- My grandfather, Usher Kolman, sold dairy products in the town square in Kremenets, and it was noted that he was “of very poor circumstances.”
- He died in 1937 of a stroke.
- His parents were named Zelman and Jeja (Leja).
- My grandmother, Chana Kolman, moved to Kremenets from Odessa, in 1919.
- Her maiden name was Owiecka, and she was born on October 18, 1896.
- Her parents were named Solomon and Fejga.
- My mother had a sister eight years younger named Fanie, who was born on November 20th.
- A photograph of my grandmother.
We were more determined than ever to make the journey to the Ukraine.
In the weeks leading up to our June 12th departure, Alex sent us other documents and photos. While all of this information was interesting to ponder, what I was most interested in was simply seeing the town where my mother grew up. Remember, she never talked about it, and I had no idea what I would find. That’s what I was looking for, and I got that, and more.
Our Gadventures group tour rail trip took us through Berlin, Warsaw, Krakow, Prague, Cesky Krumlov, Vienna, and Budapest. It was a pleasant tour through many cities that seemed too much the same with their tourist-destination eateries, seeing Segway tourists whiz by, and pristine architecture. Led by Maros, our competent Slovakian tour-guide, our group consisted of fifteen fellow travelers from Canada, Australia, and the U.S., ranging in age from 33 to 75. We took in everything from art and history museums, to famous bakeries. And Auschwitz. All in all it was a trip that I would recommend, but after two weeks we were ready to be on our own.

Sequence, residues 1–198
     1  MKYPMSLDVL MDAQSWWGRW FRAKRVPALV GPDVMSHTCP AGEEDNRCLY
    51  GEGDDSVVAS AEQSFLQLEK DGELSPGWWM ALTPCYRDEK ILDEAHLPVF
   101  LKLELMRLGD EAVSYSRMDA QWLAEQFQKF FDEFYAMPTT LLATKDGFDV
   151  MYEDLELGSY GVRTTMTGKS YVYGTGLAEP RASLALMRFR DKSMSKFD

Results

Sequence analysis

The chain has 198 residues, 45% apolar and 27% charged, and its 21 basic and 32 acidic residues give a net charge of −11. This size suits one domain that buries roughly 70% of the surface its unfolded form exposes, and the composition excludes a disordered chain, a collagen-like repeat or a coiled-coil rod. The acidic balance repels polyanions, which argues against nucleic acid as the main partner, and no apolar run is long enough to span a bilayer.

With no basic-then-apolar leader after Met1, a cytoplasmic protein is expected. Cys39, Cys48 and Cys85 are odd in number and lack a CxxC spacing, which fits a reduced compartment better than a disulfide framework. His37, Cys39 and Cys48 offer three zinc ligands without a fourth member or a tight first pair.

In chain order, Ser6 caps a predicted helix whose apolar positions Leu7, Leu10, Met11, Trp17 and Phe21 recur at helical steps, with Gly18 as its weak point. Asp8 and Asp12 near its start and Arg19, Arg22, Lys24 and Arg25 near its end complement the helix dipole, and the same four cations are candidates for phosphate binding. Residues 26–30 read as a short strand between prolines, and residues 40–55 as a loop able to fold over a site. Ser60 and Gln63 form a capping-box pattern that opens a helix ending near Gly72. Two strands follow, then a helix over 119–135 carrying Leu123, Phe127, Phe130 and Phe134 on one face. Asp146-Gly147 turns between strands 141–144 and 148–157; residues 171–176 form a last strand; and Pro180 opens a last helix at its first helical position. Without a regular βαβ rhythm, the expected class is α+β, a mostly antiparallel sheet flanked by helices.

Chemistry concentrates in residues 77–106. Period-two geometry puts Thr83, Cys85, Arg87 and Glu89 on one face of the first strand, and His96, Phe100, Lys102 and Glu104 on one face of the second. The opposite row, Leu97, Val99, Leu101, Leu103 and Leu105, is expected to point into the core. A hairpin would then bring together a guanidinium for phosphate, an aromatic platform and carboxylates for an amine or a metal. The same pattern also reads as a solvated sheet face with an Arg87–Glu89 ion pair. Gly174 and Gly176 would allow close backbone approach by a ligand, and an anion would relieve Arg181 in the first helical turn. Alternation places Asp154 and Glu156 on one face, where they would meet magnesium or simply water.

We left our fabulous Budapest Airbnb early in the morning on July 4th (an auspicious day for Independence?) and walked the 1/2 mile to the Nyugati Palyaudvar train station, where we had purchased our one-way ticket to Lviv, Ukraine just a few days earlier. We should have known that something was up when the station agent sort of communicated in English that it was the only way to get there, and that we would be in a three-bunk sleeper compartment, but that it would be made up for daytime travel. Our first clue that something was amiss was when we tried to find coffee at the station. It was as if we had left an up-and-coming city and entered a remnant of a Soviet-era construction site. In the former we could get our latte however we wanted it, and it came with an artistically-poured design into the foam, while at the latter we received the equivalent of watered-down Folgers in a tiny thin clear cup meant for cold water. Ouch!